2. The complaint against the respondent is that on 18 May 1959 three of their workers were found working during the midday interval. The Court below did not go into the merits of the case. It acquitted the respondent solely on the ground that the complainant had no competence to file the complaint in question. The complainant claims to be an inspector of factories serving in the Belgaum area. By a curious process of reasoning the court below came to the conclusion that for every area as such, a separate inspector of factories should be appointed; there is no proof that the complainant was appointed for the Belgaum area; and therefore, he had no competence to file the complaint. It is not disputed that the complainant is an inspector of factories appointed under S. 8(1) of the 'Act.' Section 105 provides for filing of complaints. That section says :

'(1) No Court shall take cognizance of any offence under this Act except on complaint by, or with the previous sanction in writing of, an inspector.'

3. If this section is read by itself, there can be no doubt that 'an inspector' of factories can file a complaint under the 'Act.' As mentioned earlier, there is no dispute that the complainant is 'an inspector' within the meaning of that expression found in S. 105. But the court below thought that in view of S. 8(1) of the 'Act' 'an inspector' of factories could operate only within a particular area to which he was appointed. In our view the court below did not properly construe S. 8(1). That section says :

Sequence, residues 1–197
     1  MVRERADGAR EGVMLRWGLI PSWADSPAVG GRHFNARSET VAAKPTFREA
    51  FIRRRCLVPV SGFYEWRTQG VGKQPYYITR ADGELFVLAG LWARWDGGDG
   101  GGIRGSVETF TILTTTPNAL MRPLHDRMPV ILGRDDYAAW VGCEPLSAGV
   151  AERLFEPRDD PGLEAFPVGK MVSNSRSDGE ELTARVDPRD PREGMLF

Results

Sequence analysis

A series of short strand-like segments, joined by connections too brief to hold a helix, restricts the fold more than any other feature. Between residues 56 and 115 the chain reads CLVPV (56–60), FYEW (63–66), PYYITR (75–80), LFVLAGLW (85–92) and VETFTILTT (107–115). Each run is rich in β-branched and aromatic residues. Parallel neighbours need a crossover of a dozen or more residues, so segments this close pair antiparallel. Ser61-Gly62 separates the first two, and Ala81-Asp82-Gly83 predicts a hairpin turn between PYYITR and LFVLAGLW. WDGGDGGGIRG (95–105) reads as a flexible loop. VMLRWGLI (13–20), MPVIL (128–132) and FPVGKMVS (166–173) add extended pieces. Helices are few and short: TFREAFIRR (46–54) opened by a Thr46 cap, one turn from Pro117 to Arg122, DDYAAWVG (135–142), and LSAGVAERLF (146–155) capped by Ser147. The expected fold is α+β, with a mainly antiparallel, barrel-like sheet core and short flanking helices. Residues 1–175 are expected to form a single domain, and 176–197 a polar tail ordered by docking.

'The State Government may, by notification in the official Gazette, appoint such persons as posses the prescribed qualification to be inspectors for the purposes of this Act and may assign to them such local limits as it may think fit.'